Liberia – a model for US development aid
Some in Congress want to cut US development aid. They should consider Liberia and its remarkable progress since a brutal civil war. This week's election shows the country is a work in progress, but American aid has helped improve Liberian health, literacy, law, and the army.
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War destroyed 95 percent of Liberia’s health-care facilities. Now, US-funded health centers and support for immunizations and malaria-control have halved mortality for children under five. The rule of law – that was as full of arbitrary holes as the bullet-riddled buildings in the capital – is being rebuilt through US assistance to the judicial sector.Skip to next paragraph
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The recent electoral turmoil shows that real challenges remain to consolidate these gains, strengthen the democratic process, re-establish the bonds of trust between Liberians and their government, and provide opportunities for the unemployed.
But creating lasting change – in Liberia, the developing world, or even in the US – doesn’t happen overnight. It requires steadfast action to build on progress.
Like any achievement of magnitude, many factors converged to make gains in Liberia possible, none more notable than the citizens who have chosen a path of peace. But the US has been the closest partner to the Liberian people. The American people should feel proud of their contribution to Liberia’s rebirth.
Yet US development assistance is under fire from some in Congress – and the "super committee" may be tempted to cut such aid as it looks for $1.2 trillion in savings.
ANOTHER VIEW: Foreign aid isn't foreign. It's American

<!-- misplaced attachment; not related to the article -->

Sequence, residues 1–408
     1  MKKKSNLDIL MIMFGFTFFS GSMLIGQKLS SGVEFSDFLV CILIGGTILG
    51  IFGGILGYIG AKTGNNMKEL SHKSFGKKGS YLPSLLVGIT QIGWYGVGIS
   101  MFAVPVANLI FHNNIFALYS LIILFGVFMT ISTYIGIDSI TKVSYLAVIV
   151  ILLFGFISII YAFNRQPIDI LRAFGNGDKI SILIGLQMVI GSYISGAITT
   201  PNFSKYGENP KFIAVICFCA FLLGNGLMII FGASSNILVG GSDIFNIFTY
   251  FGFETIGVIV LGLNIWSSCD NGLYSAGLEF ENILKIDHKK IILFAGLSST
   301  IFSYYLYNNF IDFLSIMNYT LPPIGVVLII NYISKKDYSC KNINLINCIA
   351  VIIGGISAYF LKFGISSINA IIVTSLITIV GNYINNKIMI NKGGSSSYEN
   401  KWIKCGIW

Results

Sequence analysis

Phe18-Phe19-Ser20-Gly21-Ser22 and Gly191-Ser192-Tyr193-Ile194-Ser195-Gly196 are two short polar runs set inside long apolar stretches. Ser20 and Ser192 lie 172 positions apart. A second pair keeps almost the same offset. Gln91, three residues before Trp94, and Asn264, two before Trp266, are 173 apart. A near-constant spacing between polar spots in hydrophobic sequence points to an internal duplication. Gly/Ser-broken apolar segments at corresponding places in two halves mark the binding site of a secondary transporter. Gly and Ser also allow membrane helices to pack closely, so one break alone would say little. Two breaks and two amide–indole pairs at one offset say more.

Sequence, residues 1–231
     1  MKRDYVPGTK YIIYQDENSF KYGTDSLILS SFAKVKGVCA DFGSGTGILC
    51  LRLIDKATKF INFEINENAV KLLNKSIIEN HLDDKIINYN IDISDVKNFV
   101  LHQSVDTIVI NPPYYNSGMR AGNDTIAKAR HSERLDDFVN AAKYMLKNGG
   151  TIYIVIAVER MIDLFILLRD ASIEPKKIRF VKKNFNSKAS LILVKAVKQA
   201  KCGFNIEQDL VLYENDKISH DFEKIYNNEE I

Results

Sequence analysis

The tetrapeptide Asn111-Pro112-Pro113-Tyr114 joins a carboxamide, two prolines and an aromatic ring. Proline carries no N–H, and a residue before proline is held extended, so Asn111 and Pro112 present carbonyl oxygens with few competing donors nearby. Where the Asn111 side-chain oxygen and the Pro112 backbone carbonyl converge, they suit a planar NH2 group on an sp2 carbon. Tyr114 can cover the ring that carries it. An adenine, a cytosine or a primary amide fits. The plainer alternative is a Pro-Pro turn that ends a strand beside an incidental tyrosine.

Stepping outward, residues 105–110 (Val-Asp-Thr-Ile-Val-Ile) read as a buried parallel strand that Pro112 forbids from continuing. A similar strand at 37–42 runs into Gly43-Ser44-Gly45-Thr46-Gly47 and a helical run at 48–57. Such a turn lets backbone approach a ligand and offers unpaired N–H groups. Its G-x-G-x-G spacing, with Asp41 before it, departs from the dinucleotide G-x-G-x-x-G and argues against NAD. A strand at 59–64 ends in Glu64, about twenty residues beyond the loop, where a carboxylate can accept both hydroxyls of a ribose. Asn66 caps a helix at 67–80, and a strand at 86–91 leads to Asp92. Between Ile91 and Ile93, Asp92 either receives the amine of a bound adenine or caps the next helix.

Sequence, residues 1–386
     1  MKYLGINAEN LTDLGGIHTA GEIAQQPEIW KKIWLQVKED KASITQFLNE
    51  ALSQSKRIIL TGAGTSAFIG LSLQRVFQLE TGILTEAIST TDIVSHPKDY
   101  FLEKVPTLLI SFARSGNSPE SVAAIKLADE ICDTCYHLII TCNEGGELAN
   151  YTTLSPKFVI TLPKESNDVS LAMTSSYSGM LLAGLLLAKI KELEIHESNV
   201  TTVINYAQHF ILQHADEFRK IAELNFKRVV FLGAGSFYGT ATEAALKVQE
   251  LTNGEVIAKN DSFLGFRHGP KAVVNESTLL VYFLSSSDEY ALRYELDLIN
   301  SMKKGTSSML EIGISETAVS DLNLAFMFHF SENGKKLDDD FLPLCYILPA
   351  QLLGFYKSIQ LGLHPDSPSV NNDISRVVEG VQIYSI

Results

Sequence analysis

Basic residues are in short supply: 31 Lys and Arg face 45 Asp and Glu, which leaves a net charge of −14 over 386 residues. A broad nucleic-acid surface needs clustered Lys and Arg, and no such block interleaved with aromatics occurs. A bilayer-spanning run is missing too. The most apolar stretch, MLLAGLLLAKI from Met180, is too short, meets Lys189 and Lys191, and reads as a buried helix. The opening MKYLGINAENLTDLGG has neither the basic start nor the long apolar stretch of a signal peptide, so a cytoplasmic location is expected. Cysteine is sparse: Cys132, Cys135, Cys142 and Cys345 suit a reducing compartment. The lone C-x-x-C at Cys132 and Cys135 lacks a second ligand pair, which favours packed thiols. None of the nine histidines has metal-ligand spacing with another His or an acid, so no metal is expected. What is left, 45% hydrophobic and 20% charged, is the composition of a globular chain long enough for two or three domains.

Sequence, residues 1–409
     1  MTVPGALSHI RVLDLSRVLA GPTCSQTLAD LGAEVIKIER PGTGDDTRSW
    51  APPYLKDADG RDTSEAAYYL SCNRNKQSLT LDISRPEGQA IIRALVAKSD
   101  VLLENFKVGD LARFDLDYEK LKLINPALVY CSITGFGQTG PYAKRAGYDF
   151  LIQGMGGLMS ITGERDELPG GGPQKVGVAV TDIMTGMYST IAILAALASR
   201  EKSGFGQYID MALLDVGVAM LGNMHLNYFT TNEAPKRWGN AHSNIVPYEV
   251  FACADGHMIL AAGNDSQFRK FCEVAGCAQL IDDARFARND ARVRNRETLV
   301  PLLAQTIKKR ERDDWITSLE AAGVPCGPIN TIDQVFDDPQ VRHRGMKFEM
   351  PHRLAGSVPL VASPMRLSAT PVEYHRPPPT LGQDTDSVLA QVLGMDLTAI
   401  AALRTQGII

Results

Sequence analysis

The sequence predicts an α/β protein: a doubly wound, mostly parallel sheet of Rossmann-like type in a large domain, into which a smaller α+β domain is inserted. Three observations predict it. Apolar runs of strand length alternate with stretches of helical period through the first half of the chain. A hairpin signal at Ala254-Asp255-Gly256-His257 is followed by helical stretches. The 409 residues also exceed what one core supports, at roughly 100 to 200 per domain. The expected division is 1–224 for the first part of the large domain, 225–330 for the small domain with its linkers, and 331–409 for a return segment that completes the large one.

No one disputes that the US faces serious fiscal challenges that must be addressed head on. But foreign aid makes up less than 1 percent of the US budget. It’s a vital component of the American foreign policy toolkit along with defense, diplomacy, and trade. That we need to do more with less should make Congress eager to leverage the long-term successes of development engagement.
Around the world US development assistance combats anarchy, poverty, disease, criminal networks, money laundering, drug-trafficking, weapon-smuggling, and other threats while building a more secure world, governed by the rule of law. This creates an atmosphere of optimism where citizens feel a stake in a stable future; the draw of extremist ideology withers in the face of opportunity. These are long-term foreign policy gains.
Moreover stability and the rule of law combine to create a more welcome environment for US companies to invest, which creates jobs at home. Liberia, like many developing nations, is rich in natural resources – minerals, timber, rubber, fisheries, and likely oil – that provide opportunities for US businesses. Foreigners have invested $16 billion in the country since the end of the war.
Strength in American foreign policy comes from acting smartly and leading with our values. International development assistance, especially in the context of fragile states, allows the US to do both.
Gutting this small basket of funding is not responsible fiscal stewardship, but penny-wise and dollar-foolish politics. Congress should consider the remarkable turnaround in Liberia as it looks for savings – and leave development aid alone.
Benjamin J. Spatz is a Truman National Security Fellow, and participates in the makeusstrong.com campaign to preserve US development aid. He served as special adviser to the government of Liberia from 2007-09 and worked with the United Nations Mission in Liberia in 2005.